The entire western half of Minnesota is covered by severe thunderstorm watches as storms are expected to intensify and move east-northeast Friday afternoon and evening.
Whether the storms maintain their strength as they cross into eastern parts of Minnesota is to be determined, but where the severe thunderstorm watches are in place is where storms could spawn isolated tornadoes, drop large hail and produce damaging winds up to 70 mph.
According to the National Weather Service, the situation is fairly simple. "Bottom line: severe threat greatest in western Minnesota and could last into parts of eastern Minnesota depending on the evolution of the storms."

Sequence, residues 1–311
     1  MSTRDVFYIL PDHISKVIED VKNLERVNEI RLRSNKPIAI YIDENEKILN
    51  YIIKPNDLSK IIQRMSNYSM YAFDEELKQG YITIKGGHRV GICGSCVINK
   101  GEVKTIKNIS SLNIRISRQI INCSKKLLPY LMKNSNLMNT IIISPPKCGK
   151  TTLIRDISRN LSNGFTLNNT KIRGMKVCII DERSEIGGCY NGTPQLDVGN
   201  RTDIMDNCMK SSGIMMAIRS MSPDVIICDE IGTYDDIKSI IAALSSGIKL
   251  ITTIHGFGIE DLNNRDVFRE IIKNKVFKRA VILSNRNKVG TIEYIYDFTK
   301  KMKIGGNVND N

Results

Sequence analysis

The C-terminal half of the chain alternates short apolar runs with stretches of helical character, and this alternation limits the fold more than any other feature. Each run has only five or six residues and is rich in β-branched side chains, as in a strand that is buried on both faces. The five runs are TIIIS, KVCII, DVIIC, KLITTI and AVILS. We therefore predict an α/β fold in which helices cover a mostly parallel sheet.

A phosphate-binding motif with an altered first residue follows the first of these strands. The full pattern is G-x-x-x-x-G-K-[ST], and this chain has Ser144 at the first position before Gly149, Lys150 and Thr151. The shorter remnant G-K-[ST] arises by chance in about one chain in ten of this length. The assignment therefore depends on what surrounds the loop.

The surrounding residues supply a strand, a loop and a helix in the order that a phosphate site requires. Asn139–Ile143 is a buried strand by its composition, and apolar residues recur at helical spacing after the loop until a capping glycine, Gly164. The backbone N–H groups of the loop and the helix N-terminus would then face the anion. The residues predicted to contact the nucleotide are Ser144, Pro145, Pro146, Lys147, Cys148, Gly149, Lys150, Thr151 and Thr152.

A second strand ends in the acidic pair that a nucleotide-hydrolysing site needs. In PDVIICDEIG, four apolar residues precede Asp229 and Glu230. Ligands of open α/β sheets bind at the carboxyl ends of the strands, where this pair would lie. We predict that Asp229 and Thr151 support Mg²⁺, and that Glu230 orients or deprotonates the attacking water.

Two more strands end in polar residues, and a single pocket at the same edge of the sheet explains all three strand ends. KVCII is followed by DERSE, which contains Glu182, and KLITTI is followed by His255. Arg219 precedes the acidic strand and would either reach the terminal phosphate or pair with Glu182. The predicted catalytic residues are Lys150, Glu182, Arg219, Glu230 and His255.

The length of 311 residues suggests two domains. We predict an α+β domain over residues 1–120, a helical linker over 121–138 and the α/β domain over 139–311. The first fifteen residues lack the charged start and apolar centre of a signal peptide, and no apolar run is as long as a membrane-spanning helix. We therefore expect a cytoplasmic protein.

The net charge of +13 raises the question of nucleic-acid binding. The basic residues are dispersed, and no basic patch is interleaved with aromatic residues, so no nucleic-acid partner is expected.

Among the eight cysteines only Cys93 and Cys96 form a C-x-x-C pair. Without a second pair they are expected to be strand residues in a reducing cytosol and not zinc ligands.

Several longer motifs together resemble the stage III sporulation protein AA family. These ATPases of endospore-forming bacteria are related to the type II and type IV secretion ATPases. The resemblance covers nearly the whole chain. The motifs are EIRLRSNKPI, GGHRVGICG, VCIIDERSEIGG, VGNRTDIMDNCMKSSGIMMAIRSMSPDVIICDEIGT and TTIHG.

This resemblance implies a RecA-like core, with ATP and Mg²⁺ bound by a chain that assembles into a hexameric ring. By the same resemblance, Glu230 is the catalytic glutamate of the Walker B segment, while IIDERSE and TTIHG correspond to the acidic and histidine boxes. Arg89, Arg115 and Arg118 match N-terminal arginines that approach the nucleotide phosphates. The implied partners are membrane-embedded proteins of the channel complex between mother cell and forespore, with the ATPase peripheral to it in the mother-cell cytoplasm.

As meteorologist Sven Sundgaard says, any storms that impact the metro area won't be until 8-9 p.m., perhaps later.
The latest HRRR model shows storms two clusters of storms, perhaps splitting the metro later Friday night. These models update hourly and are subject to change, but the point is that anywhere is Minnesota could see a severe storm.